The candidates criticized each other on foreign policy (LAT) in separate interviews on 60 Minutes last night, with GOP nominee Mitt Romney accusing President Obama of being weak on defense and Obama saying “that if Romney ‘is suggesting that we should start another war — he should say so.’”
“It was Obama’s most direct rebuttal yet to persistent skepticism by his White House rival on his handling of an unraveling situation in the Middle East,” reports AP. “Romney has charged the U.S. stance has been marred by miscalculations, mixed messages and appeasement.”
Mitt Romney on Obama’s decision not to meet Israeli Prime Minister Benjamin Netanyahu this week:
The president’s decision not to meet with Bibi Netanyahu, prime minister of Israel, when the prime minister is here for the United Nations session, I think, is a mistake and it sends a message throughout the Middle East that somehow we distance ourselves from our friends and I think the exact opposite approach is what’s necessary.
President Obama on his foreign policy:
Well, let’s see what I’ve done since I came into office. I said I’d end the war in Iraq. I did. I said that we’d go after al Qaeda. They’ve been decimated in the Fatah. That we’d go after bin Laden. He’s gone. So I’ve executed on my foreign policy. And it’s one that the American people largely agree with.
Mitt Romney on his tax plan:
Well, they would be the current rates less 20 percent. So the top rate, for instance, would go from 35 to 28. Middle rates would come down by 20 percent as well. All the rates come down. But unless people think there’s going to be a huge reduction in the taxes they owe, that’s really not the case. Because we’re also going to limit deductions and exemptions, particularly for people at the high end. Because I want to keep the current progressivity in the code. There should be no tax reduction for high income people. What I would like to do is to get a tax reduction for middle income families by eliminating the tax for middle income families on interest, dividends, and capital gains.
President Obama on unemployment:
The problem we have was the hole was so deep when we got in it that we lost nine million jobs. We’ve created four point six. We’ve still got a long way to go. Now I’ve put forward very specific plans that we know would create jobs. And that’s not my opinion. That’s the opinion of independent economists. My JOBS Act that I presented to Congress over a year ago, we said, “Let’s help put folks back to work. Let’s make sure that we are getting construction workers on the job, rebuilding our infrastructure.” It’s estimated that would create an additional million jobs right now. But we haven’t seen full implementation of that plan.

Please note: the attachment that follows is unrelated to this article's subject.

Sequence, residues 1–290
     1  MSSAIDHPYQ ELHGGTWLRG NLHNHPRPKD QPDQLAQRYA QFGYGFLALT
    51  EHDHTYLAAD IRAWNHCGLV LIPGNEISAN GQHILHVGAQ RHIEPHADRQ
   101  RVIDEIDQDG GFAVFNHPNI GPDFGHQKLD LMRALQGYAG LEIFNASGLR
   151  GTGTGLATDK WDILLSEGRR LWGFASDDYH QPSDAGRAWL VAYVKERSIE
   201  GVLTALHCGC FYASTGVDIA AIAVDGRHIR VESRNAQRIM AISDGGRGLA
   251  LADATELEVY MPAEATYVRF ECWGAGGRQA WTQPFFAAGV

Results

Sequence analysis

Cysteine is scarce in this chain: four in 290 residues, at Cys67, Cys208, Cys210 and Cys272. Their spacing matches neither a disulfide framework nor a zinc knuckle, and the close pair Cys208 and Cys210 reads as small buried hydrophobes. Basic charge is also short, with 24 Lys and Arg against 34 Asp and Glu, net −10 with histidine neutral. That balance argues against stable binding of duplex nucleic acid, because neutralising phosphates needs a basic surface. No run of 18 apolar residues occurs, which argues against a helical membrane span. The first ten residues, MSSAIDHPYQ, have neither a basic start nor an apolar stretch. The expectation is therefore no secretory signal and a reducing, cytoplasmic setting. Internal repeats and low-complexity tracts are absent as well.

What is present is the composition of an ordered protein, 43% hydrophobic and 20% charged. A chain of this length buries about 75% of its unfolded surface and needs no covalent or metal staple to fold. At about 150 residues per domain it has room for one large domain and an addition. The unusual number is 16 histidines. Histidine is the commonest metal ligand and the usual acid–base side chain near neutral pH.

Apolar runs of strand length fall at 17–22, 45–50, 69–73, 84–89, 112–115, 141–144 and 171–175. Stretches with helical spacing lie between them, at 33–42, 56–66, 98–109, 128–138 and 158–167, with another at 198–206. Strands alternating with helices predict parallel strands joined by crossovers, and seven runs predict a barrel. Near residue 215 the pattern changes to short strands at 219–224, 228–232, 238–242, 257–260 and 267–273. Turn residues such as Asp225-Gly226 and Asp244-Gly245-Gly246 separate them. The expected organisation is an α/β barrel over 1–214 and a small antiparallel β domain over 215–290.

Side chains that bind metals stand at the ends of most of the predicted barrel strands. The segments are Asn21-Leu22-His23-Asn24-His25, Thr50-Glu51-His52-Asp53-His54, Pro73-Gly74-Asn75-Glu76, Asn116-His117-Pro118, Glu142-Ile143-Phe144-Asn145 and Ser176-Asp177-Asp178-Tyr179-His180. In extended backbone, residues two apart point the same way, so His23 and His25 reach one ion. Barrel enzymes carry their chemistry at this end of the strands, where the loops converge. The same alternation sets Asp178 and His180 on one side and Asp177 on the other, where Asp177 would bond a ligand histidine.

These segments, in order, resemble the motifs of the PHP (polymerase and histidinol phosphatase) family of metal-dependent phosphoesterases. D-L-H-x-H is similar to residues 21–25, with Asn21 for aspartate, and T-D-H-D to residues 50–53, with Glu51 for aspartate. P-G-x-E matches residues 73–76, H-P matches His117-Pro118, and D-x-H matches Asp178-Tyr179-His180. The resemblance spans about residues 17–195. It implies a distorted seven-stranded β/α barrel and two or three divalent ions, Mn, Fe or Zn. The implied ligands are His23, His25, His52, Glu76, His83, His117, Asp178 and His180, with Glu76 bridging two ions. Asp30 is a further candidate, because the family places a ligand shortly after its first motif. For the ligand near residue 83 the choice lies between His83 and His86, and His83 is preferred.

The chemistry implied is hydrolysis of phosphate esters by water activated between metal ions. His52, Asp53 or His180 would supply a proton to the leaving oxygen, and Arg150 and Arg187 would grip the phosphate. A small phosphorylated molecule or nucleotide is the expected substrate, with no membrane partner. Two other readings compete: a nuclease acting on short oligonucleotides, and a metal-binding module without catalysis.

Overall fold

You can read the interviews in full here.
Read what the candidates are proposing for on a number of major foreign policy topics in these CFR Issue Trackers.
Republicans criticized President Obama’s UN schedule for opting to go on daytime TV instead of meeting with foreign leaders at the UN (USAToday) “despite crises abroad.”
Obama will spend twenty-four hours (AFP) in New York City for the United Nations General Assembly this week and will then head back to the campaign trail without meeting individually with world leaders. However before leaving New York, he will appear on the daytime program “The View,” which targets women and could be a significant demographic for Obama November 6.
Obama’s campaign adviser Robert Gibbs defended Obama’s decision, saying Obama would be “actively involved” at the UN and that UN Ambassador Susan Rice and Secretary of State Hillary Clinton would be meeting with foreign leaders (McClatchy).
This CFR Issue Tracker looks at both candidates’ stances the United Nations.
Half of registered voters in swing states trust Obama over Romney, who is supported by 44 percent of those voters, when it comes to Medicare, according to a Gallup poll released today. The survey was completed before the release of the leaked video that contained Romney’s “47 percent” comments.
“By selecting [Paul] Ryan as his running mate, Romney may have hoped to capitalize on Americans’ concerns about Medicare by signaling that he supports a specific approach to addressing the program’s long-term stability,” writes Gallup’s pollsters. “However, it appears that Romney’s campaign has more work to do to communicate Ryan’s Medicare credentials to voters.”
At 33 percent, Obama ranked only two percentage points higher than Romney on the question of who would be better for the program, while 32 percent of voters said Obama would weaken or have no impact compared to 36 percent of voters who said Romney would weaken Medicare and 28 percent he would have no impact.
Many voters polled remain pessimistic that Medicare will still be a viable program in twenty years.
Read more about the candidates’ positions on the economy in this CFR Issue Tracker.
–Contributing Editor Kirsti Itameri